Sex addiction could be treated on NHS after World Health Organization recognition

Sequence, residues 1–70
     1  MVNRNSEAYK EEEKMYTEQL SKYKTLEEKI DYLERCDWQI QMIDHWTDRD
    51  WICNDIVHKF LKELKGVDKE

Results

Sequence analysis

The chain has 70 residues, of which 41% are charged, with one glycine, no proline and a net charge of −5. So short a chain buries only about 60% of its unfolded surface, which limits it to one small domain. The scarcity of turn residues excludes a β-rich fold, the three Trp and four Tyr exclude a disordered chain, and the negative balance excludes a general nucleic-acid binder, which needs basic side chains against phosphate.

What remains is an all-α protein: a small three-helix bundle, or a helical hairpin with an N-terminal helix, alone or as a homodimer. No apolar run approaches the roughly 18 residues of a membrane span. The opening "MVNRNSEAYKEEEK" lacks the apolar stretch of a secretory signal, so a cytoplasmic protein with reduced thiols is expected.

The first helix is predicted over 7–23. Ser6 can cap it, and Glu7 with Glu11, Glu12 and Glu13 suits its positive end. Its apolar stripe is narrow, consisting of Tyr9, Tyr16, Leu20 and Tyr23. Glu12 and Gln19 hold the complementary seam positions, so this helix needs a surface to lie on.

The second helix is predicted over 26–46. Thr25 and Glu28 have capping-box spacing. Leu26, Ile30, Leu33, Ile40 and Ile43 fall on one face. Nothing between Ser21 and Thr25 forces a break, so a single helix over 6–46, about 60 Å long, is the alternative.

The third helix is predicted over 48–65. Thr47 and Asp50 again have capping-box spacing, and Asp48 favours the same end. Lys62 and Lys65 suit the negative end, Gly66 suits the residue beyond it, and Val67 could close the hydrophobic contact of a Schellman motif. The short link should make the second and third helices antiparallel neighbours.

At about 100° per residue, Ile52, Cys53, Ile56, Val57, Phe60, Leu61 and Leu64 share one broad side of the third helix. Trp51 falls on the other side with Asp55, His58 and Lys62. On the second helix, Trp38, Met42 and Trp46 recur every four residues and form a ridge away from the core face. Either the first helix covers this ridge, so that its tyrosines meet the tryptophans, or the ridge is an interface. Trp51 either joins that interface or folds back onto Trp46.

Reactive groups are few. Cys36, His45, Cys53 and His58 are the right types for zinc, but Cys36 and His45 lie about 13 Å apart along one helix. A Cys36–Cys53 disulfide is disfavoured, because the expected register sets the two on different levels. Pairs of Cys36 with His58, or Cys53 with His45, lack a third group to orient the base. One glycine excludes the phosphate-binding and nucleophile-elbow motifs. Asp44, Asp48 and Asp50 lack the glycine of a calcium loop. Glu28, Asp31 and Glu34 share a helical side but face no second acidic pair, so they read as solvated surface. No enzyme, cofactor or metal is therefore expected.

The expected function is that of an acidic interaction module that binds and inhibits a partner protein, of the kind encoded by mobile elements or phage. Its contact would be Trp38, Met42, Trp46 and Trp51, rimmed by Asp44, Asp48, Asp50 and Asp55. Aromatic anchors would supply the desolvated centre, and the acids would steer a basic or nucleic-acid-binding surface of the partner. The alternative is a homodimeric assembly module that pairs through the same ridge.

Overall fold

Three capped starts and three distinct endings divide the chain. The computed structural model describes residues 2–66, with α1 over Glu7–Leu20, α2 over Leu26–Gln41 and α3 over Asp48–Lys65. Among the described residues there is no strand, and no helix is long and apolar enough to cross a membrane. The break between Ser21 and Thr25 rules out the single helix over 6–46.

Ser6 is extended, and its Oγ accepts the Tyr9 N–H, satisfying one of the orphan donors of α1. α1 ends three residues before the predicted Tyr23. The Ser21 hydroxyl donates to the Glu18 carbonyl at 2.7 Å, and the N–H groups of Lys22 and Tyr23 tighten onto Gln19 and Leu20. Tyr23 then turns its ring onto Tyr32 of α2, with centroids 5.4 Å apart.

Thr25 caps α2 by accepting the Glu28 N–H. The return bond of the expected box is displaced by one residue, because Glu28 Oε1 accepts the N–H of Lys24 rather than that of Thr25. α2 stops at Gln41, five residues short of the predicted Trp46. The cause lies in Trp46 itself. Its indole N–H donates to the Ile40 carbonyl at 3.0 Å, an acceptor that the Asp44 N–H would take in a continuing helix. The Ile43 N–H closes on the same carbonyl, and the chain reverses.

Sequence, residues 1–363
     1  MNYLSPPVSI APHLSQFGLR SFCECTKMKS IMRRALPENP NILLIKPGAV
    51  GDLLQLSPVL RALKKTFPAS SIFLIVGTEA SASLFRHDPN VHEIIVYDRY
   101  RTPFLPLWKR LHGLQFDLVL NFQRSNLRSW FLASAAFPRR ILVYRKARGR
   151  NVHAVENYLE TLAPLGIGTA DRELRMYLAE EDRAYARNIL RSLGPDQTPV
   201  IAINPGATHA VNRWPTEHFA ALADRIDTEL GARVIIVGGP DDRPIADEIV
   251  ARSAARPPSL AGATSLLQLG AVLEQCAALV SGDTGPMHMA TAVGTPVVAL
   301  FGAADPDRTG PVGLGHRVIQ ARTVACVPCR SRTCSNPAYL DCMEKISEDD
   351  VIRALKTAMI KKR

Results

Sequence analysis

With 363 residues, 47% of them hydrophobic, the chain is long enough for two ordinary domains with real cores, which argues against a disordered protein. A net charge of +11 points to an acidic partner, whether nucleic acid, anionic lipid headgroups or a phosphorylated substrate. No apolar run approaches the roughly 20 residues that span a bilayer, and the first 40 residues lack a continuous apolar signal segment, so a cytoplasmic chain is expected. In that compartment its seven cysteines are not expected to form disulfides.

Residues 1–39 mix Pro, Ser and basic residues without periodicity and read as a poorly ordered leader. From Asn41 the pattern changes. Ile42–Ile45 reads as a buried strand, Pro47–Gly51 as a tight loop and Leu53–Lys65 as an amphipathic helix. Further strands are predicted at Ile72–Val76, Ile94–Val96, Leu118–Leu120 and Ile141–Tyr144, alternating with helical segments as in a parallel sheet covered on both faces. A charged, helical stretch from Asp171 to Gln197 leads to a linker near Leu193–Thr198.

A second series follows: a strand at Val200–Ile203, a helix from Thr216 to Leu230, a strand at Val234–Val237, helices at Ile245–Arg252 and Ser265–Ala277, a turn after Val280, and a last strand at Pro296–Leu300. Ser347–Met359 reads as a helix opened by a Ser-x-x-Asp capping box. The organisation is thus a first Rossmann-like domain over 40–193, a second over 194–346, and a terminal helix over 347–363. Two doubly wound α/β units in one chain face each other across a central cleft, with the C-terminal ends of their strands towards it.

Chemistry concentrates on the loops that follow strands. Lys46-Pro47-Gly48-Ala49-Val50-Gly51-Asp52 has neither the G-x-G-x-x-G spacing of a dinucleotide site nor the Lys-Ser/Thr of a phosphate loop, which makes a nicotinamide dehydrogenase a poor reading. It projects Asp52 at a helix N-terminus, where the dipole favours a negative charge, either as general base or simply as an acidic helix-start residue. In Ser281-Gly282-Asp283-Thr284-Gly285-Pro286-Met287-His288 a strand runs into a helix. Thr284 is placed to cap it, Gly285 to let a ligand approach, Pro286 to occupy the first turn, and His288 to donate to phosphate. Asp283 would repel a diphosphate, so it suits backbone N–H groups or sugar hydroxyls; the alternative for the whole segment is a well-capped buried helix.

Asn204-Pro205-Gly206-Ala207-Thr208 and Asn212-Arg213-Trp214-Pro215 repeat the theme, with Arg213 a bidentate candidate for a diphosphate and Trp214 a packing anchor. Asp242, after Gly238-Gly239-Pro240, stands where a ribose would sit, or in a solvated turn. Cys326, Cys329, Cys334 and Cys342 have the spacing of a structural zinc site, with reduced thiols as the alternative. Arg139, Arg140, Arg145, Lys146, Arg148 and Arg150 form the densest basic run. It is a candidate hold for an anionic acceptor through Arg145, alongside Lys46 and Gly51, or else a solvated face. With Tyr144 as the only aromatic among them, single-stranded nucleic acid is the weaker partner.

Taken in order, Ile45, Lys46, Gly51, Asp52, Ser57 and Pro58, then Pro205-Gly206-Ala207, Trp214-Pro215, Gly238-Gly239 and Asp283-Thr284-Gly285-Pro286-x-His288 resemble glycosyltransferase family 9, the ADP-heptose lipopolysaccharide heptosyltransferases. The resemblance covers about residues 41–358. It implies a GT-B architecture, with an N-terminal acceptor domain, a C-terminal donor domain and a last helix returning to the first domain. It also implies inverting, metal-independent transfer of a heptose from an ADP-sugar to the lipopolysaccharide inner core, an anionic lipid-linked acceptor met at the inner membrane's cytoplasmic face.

Sex addicts may be given treatment on the NHS after global health chiefs formally recognised the addiction as a mental health condition  The World Health Organization (WHO) has said people who suffer from the disorder for at least six months and experience substantial distress should be entitled to medical treatment  Up to four per cent of people in the UK are believed to suffer from sex addiction, however the NHS currently does not recognise it as an illness  However, the WHO’s position change makes it likely that policy bosses will have to review rules determining who is entitled to mental health care  The move comes after the international body also declared that compulsive video-game playing is a disorder  Dr Valerie Voon, from the Royal College of Psychiatrists, described the decision as “an excellent step for patients as it allows them to recognise that they are suffering with a problem"  “It takes it out of the shadows and they are able to seek help for it,” she added ”  According to the WHO, compulsive sexual behaviour disorder is defined as an inability to control intense sexual urges leading to people neglecting their health despite often deriving no pleasure from being intimate  Groups providing support for those addicted to sex say they have seen a fourfold increase in people seeking help in the last decade and that treatment should be provided free on the health service  A questionnaire completed by 21,058 people since 2013 on the Sex Addiction Help website revealed 91 per cent of those seeking help for sex addiction were male

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